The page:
Archive for the “Library” Category

2014-10-20 04.53.59The Book Fair was a great success.  Thank you to the many parents, grandparents, and others who purchased books for their students.  We were able to add more than 50 books to our library collection and the preschool collection.  In addition to books, we are able purchase  from the Scholastic Resource Catalog.  We recently purchased some science equipment for the preschool and primary grades. This equipment is made for easy use by little hands.

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rwb_art_bw_logoThe Online book fair begins Wednesday, March 12 and will continue through April 1.  Remember anything ordered online benefits the school library.  All purchases will be delivered free to the school. Check it out:  http://bookfairs.scholastic.com/homepage/hayspringspublicschool
The In School Book Fair will begin on Monday, March 17 and will close on Monday, March 24.  We will be open all evening during Parent-Teacher conferences.

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Read Across America, begun in 1997, is a day set to celebrate reading. It is celebrated each year on or near March 2, the birthday of Dr. Seuss.  This year members of the High School National Honor Society were our guest readers.  Seth, Eli, Jordan H, Joey, Whitney, Kat, Jenn, Nate, and Kolter shared books and activities related to Dr. Seuss books with the preschool and elementary students.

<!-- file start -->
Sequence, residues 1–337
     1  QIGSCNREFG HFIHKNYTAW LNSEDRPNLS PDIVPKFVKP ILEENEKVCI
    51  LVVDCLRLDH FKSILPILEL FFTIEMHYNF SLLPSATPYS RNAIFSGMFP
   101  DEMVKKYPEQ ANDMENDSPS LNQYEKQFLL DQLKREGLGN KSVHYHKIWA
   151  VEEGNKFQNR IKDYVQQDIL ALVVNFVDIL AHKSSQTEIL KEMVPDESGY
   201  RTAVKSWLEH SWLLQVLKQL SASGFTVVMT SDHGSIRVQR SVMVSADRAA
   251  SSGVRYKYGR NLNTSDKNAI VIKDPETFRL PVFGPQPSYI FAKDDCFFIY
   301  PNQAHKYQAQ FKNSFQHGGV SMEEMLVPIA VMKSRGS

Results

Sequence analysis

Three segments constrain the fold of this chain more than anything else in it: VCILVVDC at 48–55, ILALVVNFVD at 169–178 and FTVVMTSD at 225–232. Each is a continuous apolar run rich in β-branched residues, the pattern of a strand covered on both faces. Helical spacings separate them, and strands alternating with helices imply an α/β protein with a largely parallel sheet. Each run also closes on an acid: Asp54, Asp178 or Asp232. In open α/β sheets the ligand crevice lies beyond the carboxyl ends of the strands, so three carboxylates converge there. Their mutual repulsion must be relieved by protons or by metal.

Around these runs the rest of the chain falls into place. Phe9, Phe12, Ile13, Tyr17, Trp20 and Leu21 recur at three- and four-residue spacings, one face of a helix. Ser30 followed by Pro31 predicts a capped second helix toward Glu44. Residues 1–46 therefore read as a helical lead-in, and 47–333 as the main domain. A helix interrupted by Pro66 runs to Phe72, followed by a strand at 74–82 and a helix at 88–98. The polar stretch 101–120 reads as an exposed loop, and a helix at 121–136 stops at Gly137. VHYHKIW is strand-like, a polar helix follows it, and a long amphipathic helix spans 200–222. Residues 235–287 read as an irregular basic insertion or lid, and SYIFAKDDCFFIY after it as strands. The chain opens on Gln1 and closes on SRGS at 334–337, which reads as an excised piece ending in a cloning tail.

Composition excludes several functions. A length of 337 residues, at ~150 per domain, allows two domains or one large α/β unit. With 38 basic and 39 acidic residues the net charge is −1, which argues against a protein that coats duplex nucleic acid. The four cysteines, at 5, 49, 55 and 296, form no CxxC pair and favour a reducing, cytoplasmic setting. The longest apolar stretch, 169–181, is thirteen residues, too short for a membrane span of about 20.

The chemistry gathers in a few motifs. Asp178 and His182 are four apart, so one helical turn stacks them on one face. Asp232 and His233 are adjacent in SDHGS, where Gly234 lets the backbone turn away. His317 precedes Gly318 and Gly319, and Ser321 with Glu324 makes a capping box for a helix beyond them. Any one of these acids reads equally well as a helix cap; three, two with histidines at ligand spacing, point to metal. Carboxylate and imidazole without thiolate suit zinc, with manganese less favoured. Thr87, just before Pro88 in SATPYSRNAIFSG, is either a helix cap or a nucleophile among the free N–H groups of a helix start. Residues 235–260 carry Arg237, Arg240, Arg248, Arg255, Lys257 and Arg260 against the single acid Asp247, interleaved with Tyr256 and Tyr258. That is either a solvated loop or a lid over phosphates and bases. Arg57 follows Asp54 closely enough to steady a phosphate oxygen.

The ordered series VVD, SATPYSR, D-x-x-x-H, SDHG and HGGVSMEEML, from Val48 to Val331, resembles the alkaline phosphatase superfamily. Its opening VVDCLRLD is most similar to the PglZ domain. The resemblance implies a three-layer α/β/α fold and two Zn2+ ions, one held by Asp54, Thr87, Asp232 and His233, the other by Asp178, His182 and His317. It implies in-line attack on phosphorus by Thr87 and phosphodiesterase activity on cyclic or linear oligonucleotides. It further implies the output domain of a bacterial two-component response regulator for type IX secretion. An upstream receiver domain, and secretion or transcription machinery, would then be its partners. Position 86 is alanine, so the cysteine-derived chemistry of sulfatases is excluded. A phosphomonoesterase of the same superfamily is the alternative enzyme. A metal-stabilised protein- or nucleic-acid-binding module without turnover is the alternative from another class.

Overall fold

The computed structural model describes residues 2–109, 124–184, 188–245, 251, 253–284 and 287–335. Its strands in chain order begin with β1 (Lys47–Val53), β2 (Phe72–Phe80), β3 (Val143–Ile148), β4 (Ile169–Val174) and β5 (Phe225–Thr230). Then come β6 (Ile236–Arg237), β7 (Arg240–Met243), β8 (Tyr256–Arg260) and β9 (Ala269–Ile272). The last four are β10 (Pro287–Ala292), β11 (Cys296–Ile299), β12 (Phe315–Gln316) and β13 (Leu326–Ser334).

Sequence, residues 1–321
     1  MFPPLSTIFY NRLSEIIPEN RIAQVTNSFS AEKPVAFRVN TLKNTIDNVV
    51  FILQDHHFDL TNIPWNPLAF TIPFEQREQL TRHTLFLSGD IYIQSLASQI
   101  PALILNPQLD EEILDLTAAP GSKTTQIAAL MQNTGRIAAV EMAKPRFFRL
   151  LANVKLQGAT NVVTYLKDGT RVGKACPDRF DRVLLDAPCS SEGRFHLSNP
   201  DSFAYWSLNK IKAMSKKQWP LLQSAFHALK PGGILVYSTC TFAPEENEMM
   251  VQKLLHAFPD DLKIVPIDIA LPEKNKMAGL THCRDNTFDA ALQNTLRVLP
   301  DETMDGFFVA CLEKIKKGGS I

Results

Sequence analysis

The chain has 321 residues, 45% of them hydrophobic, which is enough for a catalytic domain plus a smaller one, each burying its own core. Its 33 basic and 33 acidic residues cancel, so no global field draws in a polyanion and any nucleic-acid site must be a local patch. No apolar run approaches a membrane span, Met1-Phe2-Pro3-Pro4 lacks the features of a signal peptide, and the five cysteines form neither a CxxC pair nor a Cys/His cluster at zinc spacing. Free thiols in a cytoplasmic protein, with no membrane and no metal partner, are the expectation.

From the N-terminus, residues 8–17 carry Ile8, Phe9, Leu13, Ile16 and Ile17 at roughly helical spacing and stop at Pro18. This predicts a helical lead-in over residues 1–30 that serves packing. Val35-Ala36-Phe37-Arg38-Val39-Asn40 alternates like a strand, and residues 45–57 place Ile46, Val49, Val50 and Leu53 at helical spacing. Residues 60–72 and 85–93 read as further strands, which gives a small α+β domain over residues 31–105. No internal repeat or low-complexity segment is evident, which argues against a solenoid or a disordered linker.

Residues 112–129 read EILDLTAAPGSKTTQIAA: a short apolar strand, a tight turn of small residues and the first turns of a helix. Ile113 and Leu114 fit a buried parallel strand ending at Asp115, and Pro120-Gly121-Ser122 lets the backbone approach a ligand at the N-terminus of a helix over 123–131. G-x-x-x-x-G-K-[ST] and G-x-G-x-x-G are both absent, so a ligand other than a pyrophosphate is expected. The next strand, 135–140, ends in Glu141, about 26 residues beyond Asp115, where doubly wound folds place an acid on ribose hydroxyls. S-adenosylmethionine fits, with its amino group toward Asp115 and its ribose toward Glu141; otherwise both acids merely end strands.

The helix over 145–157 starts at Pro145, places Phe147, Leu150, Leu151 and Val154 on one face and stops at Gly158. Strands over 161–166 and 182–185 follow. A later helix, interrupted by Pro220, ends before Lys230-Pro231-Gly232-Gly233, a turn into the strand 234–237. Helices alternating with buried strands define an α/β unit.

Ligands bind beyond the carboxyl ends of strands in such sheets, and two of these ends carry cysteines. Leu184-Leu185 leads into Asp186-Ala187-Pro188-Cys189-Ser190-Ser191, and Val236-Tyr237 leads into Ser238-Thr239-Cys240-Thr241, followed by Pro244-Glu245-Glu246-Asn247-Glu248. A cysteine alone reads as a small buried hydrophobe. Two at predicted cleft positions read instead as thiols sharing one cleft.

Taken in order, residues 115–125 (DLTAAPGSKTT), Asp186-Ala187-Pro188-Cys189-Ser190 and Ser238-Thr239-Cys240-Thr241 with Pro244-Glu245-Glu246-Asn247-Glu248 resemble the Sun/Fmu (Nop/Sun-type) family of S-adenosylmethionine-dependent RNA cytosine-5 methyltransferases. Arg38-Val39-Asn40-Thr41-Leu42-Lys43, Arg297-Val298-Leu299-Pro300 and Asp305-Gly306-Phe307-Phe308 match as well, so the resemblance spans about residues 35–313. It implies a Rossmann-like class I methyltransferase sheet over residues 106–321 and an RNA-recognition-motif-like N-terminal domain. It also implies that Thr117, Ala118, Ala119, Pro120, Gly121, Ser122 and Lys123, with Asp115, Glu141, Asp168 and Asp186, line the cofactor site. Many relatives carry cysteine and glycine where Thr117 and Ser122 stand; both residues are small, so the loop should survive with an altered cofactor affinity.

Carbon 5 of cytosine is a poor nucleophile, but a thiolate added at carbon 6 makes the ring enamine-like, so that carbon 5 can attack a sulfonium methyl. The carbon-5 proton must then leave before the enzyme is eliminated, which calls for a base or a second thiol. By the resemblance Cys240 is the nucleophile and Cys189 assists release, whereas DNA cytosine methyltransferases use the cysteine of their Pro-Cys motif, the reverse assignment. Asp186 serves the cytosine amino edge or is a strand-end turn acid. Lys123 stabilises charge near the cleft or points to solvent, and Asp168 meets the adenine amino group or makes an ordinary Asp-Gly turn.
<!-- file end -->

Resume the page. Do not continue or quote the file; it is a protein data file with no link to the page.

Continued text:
The Little Hawks Book Bags reached a milestone this month. Aubrey Anderson, the daughter of Matt and Jessie Anderson, was the first to have 500 books read to her.  She was recognized at a special presentation during Read Across America.

Little Hawks Book Bag program started in October 2012 with a  goal to have all preschoolers be read 500 books by the time they start kindergarten.  Book bags were purchased through a generous donation by Security First Bank.  The books were labelled and bags filled by Ms. Bila and the National Honor Society.

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The Pre School and Elementary students celebrated Read Across America a little differently this year. Rather than read Dr. Seuss books we read our way across America. Guest readers from Chadron State College, Kyle King, Josh Breske, Nate Ross, and Treston Decoud read four books from different states. California – The Squirrel and Mr. Muir – The story about a little girl who while growing up in the Yosemite Valley in the 1800s. She meets John Muir, an American naturalist and preserver of American wilderness. Oklahoma – The Jingle Dancer – The story of a girl who wants to jingle dance in the next powwow. She gets a row of jingles from an aunt, a cousin, a neighbor and her grandmother. With these rows of jingles she is able to make her dress sing at the powwow. Tennessee – Wilma Unlimited –The story of Wilma Rudolph, crippled by polio as a child, who went on to compete and win at the 1960 Olympics in Rome. Massechusettes – Make Way for Ducklings – The story of a pair of ducks looking for a place to raise their family. The story takes place in and around the Boston Public Gardens. A Google Lit trip accompanying the reading shows the actual locations in the Boston area. Thanks to staff and students, who helped keep things organized and moving smoothly.